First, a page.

Barefoot and pregnant in public school

New York has closed its pregnancy schools, but they remain nationwide.

Published May 24, 2007 10:30PM (EDT)

We've all heard of glass ceilings and marble ceilings and other obdurate materials women have been known to smack their virtual heads on when trying to achieve some as-yet-unattained measure of equality, but I was surprised to hear about what might be called a "quilted ceiling" keeping certain teen girls the equivalent of barefoot and pregnant in our country's public schools.

Today the New York Times reported on the closing of New York City's four pregnancy schools -- or P-schools for short. In a statement that pretty much sums up the problems, superintendent Cami Anderson (whose district oversees the Program for Pregnant Students) told the Times: "It's a separate but unequal program." As Monica Stamm noted in 1998 in the Columbia Law Review, P-schools are an example of publicly funded single-sex schools that have existed all along and not for the benefit of their students.

On the one hand, word that P-schools are failing to thrive across the nation in part because of the decrease in teen pregnancy rates and a healthy unwillingness to segregate pregnant girls was welcome news. But in the wake of a Department of Education study that concluded pregnancy schools across the country offered girls a second-class education that "treated them more like mothers-to-be than curious students," one has to wonder how the hell they exist at all.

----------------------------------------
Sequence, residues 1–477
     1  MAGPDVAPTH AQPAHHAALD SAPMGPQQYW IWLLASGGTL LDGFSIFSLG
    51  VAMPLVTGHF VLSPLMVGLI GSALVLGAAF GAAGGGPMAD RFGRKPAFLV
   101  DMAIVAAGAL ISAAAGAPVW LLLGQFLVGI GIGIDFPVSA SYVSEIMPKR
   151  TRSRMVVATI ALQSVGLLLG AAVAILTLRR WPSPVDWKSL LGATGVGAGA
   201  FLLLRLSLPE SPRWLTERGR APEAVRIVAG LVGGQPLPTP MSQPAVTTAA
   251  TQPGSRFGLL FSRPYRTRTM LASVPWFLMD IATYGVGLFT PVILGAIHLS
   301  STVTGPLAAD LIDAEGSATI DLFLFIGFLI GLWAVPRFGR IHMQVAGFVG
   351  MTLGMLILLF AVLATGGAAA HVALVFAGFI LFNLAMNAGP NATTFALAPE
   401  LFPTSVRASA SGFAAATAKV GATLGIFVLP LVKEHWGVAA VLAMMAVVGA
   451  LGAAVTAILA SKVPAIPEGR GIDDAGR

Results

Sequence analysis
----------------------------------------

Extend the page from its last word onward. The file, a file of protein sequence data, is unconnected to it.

Marked by deplorable test scores, spotty attendance and poor facilities, the schools were created in the 1960s when teen pregnancy still carried a formidable stigma. At the time, P-schools were an improvement over the previous protocol, which put pregnant girls on "medical suspension," then prohibited them from returning to their original schools after they gave birth. But now what's the excuse? According to the Times, they are a perfect way for guidance counselors to weed out the underperforming kids to keep the almighty test scores up. Call it no child (but those with child) left behind.

By Carol Lloyd

Carol Lloyd is currently at work on a book about the gentrification wars in San Francisco's Mission District.

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